Woo Hoo! Woo Hoo!
Happy Dance, Happy Dance
Sean's day went well yesterday. I'm not quite sure of the details but he came home exhausted and happy. AND... no phone calls or emails from school personnel!!!!
It will take weeks before Sean processes the minutia of the day and reports back to us. It's something that we have gotten used to over the years.
For example, I was driving to the local mall one day when Sean shouted from the backseat of my mini-minivan, "Someone got hurt on the playground."
Hmmmm... considering it's the middle of winter and I know for a fact that Sean's classroom doesn't go outside in this kind of weather, I know this is not a recent event.
"Sean, when did that happen?"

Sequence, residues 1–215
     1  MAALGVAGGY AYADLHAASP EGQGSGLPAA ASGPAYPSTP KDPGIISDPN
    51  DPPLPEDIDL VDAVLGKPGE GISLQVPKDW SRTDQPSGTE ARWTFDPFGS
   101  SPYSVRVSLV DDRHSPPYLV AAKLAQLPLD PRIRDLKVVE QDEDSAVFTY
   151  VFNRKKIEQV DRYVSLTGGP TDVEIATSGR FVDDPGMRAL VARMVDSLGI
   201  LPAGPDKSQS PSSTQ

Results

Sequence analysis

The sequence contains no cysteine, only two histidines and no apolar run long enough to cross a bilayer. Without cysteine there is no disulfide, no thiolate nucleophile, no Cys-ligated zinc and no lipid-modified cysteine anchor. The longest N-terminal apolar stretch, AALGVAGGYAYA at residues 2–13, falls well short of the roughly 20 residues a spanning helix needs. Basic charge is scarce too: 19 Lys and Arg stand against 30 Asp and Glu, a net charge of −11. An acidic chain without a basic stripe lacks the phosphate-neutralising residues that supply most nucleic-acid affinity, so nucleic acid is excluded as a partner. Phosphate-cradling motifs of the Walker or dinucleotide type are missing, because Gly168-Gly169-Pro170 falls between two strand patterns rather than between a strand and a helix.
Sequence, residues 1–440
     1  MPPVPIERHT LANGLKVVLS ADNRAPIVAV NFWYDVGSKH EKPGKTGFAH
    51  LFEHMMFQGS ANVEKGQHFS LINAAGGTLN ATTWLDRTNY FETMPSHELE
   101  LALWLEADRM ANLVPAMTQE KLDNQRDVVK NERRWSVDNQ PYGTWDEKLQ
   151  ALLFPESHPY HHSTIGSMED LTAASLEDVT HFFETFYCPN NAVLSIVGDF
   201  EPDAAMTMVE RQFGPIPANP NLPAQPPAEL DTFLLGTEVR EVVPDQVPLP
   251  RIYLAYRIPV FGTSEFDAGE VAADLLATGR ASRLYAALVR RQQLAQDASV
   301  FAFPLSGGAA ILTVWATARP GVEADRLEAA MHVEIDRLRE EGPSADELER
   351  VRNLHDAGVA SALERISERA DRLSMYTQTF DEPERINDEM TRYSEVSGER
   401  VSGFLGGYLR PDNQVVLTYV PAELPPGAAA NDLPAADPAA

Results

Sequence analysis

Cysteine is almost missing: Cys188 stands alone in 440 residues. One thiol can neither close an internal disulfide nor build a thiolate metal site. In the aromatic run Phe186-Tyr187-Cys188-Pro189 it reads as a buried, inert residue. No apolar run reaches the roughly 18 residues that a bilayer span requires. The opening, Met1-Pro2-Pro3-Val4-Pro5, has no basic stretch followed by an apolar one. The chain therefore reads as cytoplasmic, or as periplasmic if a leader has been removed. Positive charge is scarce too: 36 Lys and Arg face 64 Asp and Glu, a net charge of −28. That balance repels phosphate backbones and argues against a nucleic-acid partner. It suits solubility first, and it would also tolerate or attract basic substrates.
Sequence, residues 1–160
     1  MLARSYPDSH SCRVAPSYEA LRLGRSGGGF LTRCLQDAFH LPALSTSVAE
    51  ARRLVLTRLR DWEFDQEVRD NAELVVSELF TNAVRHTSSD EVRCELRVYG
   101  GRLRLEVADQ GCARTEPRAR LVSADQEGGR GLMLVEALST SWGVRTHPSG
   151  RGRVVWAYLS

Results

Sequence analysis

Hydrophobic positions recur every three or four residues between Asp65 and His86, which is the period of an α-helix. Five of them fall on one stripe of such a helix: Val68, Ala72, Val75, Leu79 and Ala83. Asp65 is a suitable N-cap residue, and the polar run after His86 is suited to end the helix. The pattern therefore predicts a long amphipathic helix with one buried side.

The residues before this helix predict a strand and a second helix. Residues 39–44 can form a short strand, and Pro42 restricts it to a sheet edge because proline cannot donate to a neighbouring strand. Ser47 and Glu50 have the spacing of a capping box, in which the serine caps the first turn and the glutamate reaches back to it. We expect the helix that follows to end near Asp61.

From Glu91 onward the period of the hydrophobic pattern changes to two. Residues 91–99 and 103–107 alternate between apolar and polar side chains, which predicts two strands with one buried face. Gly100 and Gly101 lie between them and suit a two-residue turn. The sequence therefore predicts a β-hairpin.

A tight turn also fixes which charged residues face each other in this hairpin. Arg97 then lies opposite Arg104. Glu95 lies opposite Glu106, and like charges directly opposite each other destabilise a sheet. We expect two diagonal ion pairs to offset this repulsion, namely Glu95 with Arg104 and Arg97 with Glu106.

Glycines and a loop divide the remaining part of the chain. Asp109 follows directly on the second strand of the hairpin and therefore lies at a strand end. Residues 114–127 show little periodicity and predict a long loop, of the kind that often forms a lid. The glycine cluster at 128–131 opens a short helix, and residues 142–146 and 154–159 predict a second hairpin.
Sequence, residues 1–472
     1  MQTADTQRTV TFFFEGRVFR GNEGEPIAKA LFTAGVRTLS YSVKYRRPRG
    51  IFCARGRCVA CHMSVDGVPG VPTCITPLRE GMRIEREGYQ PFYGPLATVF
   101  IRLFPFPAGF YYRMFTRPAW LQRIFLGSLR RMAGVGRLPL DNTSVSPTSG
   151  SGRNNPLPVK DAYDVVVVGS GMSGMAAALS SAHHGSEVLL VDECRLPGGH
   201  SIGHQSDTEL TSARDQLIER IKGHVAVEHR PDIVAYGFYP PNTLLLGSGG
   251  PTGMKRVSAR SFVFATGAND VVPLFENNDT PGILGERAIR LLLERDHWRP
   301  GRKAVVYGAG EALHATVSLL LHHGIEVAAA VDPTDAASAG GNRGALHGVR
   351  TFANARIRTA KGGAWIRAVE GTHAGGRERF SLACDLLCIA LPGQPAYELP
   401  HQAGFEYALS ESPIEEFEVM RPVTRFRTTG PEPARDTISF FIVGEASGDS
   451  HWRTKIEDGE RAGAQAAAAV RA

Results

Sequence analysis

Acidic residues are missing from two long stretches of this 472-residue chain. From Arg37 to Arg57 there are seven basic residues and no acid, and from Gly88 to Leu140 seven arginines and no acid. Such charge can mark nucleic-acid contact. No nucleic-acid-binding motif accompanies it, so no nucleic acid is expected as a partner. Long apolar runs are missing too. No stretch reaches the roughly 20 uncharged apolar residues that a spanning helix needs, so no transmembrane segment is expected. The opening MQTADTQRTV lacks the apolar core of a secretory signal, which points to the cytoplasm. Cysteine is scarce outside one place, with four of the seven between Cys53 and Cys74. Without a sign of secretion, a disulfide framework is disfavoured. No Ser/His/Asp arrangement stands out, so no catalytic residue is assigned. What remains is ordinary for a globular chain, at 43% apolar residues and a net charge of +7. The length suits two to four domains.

"Oh, a few weeks ago."
It seems like difficulty in communicating with my autistic child would be a foregone conclusion, but when your child IS verbal, a whole unique dynamic is thrown in.
Most people would readily assume that Sean would tell us the goings on of his daily life. He would tell us if something was wrong or if someone had wronged him. One would think so but it's simply not true.
Sean needs time to process. The details are in his brain - locked behind a multitude of doors, each with their own unique key. It can be a scene in a television show, something one of us said, or merely the passage of time that will enable Sean to finally unlock that door and let us in. Even then, the story may have as many twists and turns as a corn maze and you'll have to take a time-out for your own processing!
Honestly, and I really don't want to admit this, but it can be exhausting at times. I'm sure it's equally, if not more, exhausting for Sean.
How do you communicate with a world when you prefer to be in your own? He struggles with words and phrases. You can feel his brain working. You can see the strain on his face as he searches and reaches.
It's not easy. Therefore, we do not push.
We just drive...
And wait for that voice from backseat.